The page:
Audiology is the science of hearing, balance, and related disorders.
Audiologists are healthcare professionals who provide patient-centered care in the prevention, identification, diagnosis, and evidence-based treatment of hearing, balance, and other auditory disorders for people of all ages.
The ear can be divided into three parts leading up to the brain – the outer ear, middle ear and the inner ear.
  • The outer ear consists of the ear canal and eardrum. Sound travels down the ear canal, striking the eardrum and causing it to vibrate.
  • The middle ear is a space behind the eardrum that contains three small bones called ossicles. This chain of tiny bones is connected to the eardrum at one end and to an opening to the inner ear at the other end. Vibrations from the eardrum cause the ossicles to vibrate which, in turn, creates movement of the fluid in the inner ear.
  • Movement of the fluid in the inner ear, or cochlea, causes changes in tiny structures called hair cells. This movement of the hair cells sends electric signals from the inner ear up the auditory nerve (also known as the hearing nerve) to the brain.
  • The brain then interprets these electrical signals as sound.

    There are broadly 3 types of hearing losses

    Conductive - A conductive hearing loss happens when sounds cannot get through the outer and middle ear.
    A conductive hearing loss can be caused by the following:

    • Fluid in your middle ear from colds or allergies.
    • Ear infection.
    • Poor Eustachian tube function.
    • A hole in your eardrum.
    • Deformed pinna or ear canal or a problem with the bones in their middle ear

    Sensorineural – A Sensorineural hearing loss happens from inner ear damage (cochear) or if there is a problem in the nerve pathways leading from the inner ear to the brain (retrocochlear) or if there is a problem in the auditory areas in the brain (central).

    A sensorineural hearing loss can be caused by the following:

    • Illnesses.
    • Medicines/drugs that are toxic to hearing.
    • Aging.
    • Head injury.
    • Malformation of the inner ear (cochlea).
    • Exposure to loud noises or explosions.
    • Tumor of the auditory nerve.

    Mixed - Sometimes, a conductive hearing loss happens at the same time as a sensorineural hearing loss. This means that there may be damage in the outer or middle ear and in the inner ear or nerve pathway to the brain. This is a mixed hearing loss.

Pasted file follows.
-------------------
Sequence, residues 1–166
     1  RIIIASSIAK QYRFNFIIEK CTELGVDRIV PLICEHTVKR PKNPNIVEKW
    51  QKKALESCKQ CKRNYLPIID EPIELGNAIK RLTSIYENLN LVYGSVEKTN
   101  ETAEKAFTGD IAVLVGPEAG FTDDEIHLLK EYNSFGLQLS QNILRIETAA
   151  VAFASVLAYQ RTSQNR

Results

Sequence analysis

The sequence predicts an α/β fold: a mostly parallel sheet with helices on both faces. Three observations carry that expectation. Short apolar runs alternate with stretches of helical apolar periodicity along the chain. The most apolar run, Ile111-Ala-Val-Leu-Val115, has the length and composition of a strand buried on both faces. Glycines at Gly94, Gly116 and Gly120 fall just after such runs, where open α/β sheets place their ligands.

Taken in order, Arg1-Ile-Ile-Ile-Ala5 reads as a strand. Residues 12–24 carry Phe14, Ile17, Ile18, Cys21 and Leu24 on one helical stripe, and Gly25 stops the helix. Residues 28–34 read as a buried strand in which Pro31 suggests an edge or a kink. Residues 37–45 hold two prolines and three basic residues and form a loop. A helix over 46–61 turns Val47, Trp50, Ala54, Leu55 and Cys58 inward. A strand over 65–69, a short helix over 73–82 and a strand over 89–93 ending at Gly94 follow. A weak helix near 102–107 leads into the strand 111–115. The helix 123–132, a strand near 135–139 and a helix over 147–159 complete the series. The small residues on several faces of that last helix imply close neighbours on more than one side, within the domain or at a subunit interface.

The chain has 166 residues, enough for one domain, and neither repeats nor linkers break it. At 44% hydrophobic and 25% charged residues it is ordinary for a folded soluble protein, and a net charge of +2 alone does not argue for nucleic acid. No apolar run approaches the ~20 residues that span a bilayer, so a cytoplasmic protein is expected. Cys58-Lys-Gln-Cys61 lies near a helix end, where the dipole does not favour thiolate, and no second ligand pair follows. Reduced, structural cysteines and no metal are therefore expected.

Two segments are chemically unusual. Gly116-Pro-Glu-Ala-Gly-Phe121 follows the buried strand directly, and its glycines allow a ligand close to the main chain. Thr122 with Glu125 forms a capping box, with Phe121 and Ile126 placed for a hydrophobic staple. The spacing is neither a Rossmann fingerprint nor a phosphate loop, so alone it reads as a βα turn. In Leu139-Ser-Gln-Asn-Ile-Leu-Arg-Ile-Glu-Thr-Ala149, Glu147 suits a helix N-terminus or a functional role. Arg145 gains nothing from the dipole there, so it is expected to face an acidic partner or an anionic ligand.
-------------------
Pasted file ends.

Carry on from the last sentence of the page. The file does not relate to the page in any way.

Other terms describing a hearing loss:

    • High-frequency versus low-frequency. Whether high-pitched or low-pitched sounds are heard better.
    • Bilateral versus unilateral. Bilateral means hearing loss in both ears. Unilateral means hearing loss in one ear.
    • Symmetrical versus asymmetrical. Symmetrical means the severity and shape of hearing loss are the same in each ear. Asymmetrical means each ear has a different severity and shape.
    • Progressive versus sudden hearing loss. Progressive means that hearing loss becomes worse over time. Sudden means hearing loss that happens quickly. You should see your doctor right away if you have a sudden hearing loss.
    • Fluctuating versus stable hearing loss. Fluctuating means hearing loss that changes over time. It sometimes gets better, sometimes gets worse. Stable means that your hearing loss has stayed the same.

    Complied from “configurations of hearing loss”
    Degree of hearing loss is measured in dBHL and it tells us how loud sounds need to be for a person to hear them.
    Degree of Hearing Loss
    Hearing loss range (dBHL)
    -10 to 15
    16 to 25
    26 to 40
    41 to 55
    56 to 70
    71 to 90
    Hearing aids
    A hearing aid is a small battery-powered electronic device designed to improve hearing for individuals who have a hearing loss. They can be worn in the ear or behind the ear. They help the individual hear better in quiet as well as noisy environments.

    Bone-anchored hearing aid (BAHA) is a type of hearing aid primarily suited for people who have a conductive hearing losses, unilateral hearing loss, and people with mixed hearing losses who cannot otherwise wear 'in the ear' or 'behind the ear' hearing aids. Their placement involves invasive surgery. BAHA stimulates the cochlea by transmitting the sound waves through the bones of the skull, thereby bypassing the outer and middle ear. Once the cochlea receives the sound signals, the information is converted into neural signals and transferred to the brain, where it is perceived as sound.

    Cochlear implants
    A cochlear implant (CI) is a surgically implanted electronic device that replaces the function of the damaged inner ear. Cochlear implants do the work of damaged parts of the inner ear (cochlea) to provide sound signals to the brain.
    A cochlear implant can help to provide a sense of sound to a person who is profoundly deaf or severely hard-of-hearing. The implant consists of an external portion that sits behind the ear and a second portion that is surgically placed under the skin. The implant picks up sound and digitizes it, and then converts that digitized sound into electrical signals, which are transmitted to electrodes embedded in the cochlea. The electrodes electrically stimulate the cochlear nerve, causing it to send signals to the brain.